|Courtesy of Author|
Sandeep Ray was born off the Straits of Malacca and spent his childhood next to a remote rubber plantation. He has lived in Kolkata, Massachusetts, and Jakarta. His first career was in filmmaking, working for various documentary companies based in the United States, often traveling to and in Asia. His last feature-length film, The Sound of Old Rooms (2011), was screened at many international forums and won the Grand Prize at the Taiwan International Documentary Film Festival. In recent years, after completing a doctoral degree in history, he has taught at the University of Wisconsin and at Rice University, researching and teaching about the late-colonial period in Southeast Asia. He currently lives in Singapore and is a Senior Lecturer at the Singapore University of Technology and Design. His next book, forthcoming from NUS Press in 2021 is titled, Celluloid Colony: How the Dutch Framed the Indonesian Archipelago.
In 1956, the Senguptas travel from Calcutta to rural Malaya to start afresh. In their new hamlet of anonymity, the couple gradually forget past troubles and form new ties. But this second home is not entirely free and gentle. A complex, racially charged society, it is on the brink of independence even as communist insurgents hover on the periphery. How much should a newcomer meddle before it starts to destroy him? Shuttling in time and temper across the Indian Ocean, A Flutter in the Colony is a tender, resonant chronicle of a family struggling to remain together in the twilight of Empire in Asia.
|Courtesy of Author|
EC: Welcome to Asian Books Blog, Sandeep. Congratulations on A Flutter In The Colony, a wonderful, deeply resonant, deeply sad and thought-provoking read for me. Your acknowledgements identified an essay you wrote titled “In the Time of Moths” many years ago as kernel for this book. Can you tell us more about this inspiration?
SR: Thank you Elaine. A long time ago, before I was allowed to wear long-pants, my father told me a story about sitting on a balcony one evening and being ambushed by dozens of enormous moths. It was in the mid-1950s and apparently the local Chinese in our small town believed that the moths were the spirits of people executed during the Japanese Occupation and unceremoniously dumped in the woods near our house. At some point later in my life, I turned on a cassette recorder and asked him a lot of questions about that period, including his experiences during the Malayan Emergency. People newly arrived to a country often remember details with enviable clarity. I saved the tapes. Decades later, at the University of Michigan, I wrote the above-mentioned essay as a term paper, sprinkling his personal anecdotes with the history of that period. I enjoyed the process of mingling raw, choppy, personal tales with established, sanctioned, peer-reviewed histories. I started thinking more about that era in Malayan history and my own family’s tale of emigration. At any rate, that’s when I first remember wondering whether there was a novel somewhere and thus that word ‘kernel’. I concede that my father, long deceased, might have been amused with the book; imagined histories rarely match lived experiences.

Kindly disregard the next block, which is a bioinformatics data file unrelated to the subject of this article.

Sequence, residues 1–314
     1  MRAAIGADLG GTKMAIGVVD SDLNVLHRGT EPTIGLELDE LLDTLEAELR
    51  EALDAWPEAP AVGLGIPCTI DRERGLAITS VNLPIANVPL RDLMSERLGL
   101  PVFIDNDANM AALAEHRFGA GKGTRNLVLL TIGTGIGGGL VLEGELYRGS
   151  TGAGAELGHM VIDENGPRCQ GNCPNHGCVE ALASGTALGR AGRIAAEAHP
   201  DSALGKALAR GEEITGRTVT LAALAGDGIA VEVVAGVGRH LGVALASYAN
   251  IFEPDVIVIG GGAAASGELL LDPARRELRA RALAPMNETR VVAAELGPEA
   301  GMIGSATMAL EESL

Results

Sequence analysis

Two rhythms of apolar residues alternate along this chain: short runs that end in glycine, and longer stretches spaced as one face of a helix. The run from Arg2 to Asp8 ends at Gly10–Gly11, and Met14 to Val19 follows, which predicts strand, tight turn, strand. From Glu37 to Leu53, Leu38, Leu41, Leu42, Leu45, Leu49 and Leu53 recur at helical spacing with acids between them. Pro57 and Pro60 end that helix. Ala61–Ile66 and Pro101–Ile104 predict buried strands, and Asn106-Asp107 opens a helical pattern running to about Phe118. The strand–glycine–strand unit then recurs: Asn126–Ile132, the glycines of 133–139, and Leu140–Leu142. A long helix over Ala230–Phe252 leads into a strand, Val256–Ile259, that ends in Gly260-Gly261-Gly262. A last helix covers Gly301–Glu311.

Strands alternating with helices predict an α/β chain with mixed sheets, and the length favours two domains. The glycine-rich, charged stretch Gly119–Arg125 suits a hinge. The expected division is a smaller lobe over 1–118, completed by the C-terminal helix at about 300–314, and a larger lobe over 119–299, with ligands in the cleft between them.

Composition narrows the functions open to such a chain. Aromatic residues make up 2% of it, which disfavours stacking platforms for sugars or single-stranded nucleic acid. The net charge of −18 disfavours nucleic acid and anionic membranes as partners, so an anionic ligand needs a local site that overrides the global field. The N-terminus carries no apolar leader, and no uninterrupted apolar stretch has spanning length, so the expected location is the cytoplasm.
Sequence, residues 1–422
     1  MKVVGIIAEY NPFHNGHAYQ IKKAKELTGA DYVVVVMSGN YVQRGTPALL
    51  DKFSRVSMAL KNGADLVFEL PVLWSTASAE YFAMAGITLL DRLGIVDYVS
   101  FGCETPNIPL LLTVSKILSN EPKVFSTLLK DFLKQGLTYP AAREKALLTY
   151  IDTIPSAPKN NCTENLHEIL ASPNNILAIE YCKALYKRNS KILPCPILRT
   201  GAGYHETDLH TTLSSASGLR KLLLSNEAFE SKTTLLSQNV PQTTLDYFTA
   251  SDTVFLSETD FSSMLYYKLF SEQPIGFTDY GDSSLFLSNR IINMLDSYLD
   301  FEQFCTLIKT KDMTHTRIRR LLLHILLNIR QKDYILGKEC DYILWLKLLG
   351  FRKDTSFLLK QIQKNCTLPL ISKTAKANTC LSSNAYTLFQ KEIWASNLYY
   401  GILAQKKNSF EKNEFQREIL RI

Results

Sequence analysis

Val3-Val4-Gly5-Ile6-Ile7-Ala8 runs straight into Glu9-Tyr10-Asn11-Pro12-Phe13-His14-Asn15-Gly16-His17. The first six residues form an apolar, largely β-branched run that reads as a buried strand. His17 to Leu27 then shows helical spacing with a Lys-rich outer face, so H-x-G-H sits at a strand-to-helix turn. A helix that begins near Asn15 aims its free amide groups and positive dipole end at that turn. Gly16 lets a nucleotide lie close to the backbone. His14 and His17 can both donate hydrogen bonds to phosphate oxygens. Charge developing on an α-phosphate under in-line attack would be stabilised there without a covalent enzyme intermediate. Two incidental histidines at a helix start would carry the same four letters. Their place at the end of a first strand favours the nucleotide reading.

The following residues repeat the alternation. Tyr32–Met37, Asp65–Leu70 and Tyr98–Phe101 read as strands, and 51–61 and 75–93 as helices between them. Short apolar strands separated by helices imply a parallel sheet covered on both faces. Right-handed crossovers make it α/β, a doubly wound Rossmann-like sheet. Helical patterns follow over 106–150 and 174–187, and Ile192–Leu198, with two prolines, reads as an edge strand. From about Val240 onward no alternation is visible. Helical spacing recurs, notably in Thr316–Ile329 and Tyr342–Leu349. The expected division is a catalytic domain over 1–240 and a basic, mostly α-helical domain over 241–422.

EC: The protagonist here, an Indian migrant from Calcutta who became a clerk for a rubber estate in colonial Malaya, sees Malaya as a land ‘lush and rich enough’ that whatever you ‘sprinkle’, ‘grows’: the ‘Malayan dream’ as it were. Curiously, however, it wasn’t the dream that propelled migration, but rather the dream was affordable once the Senguptas landed in Malaya and perceived it as rich. How should we contextualise his dreams versus those of many Indian migrants who arrived in Malaya to work on plantations?
SR: Thank you for this observation. Yes, the circumstances were different. Let me take a small step back in time. Empire in the late-colonial period looked at India and Malaya quite differently. India was large, ancient and prestigious – the Jewel in the Crown – but Malaya was where the wealth was – the economic diamond. The British imagination of a tame, diverse, supple, dirt-cheap workforce, systematically churning enormous wealth on rich arable land and in large mines swiftly created a huge influx of labourers who came by ship – a seasick diaspora if you will. Once domiciled in Malaya, they were, like Nag the crooked clerk observes, mostly better off than the families they left behind in India yet they had no wealth to speak of. And worse, they had absolutely no social or political standing. Some white-collar professionals like clerks, accountants, small-business operators, trickled in throughout the first part of the twentieth-century, often to leave impoverished conditions in India but they too had little stake in the new country. In my book, Sengupta arrives in the 1950s and observes right away that the economic situation in Malaya was better than he had expected. But he didn’t come to escape wrenching poverty; he came to Malaya to forget his old life marked by tragedy and to find a new home for his family. That he became solvent was helpful, but not key to the story.
EC: This novel juxtaposes two segments of history – that of the 1946 Calcutta killings (or Direct Action Day) with the Malayan Emergency period, centred around the Malayan Declaration of Independence in 1957. This shuttling between two historical time periods and events is threaded through by the human tragedy you mentioned above that befell the protagonist in Calcutta (no spoilers). This breaking-up of linear narrative struck me also as a cinematic device that interestingly revealed psychological depths in the protagonist while simultaneously lifting his story out of the personal into an overarching historical significance about the formation of country-hood and the human costs of doing so. Were these your intentions?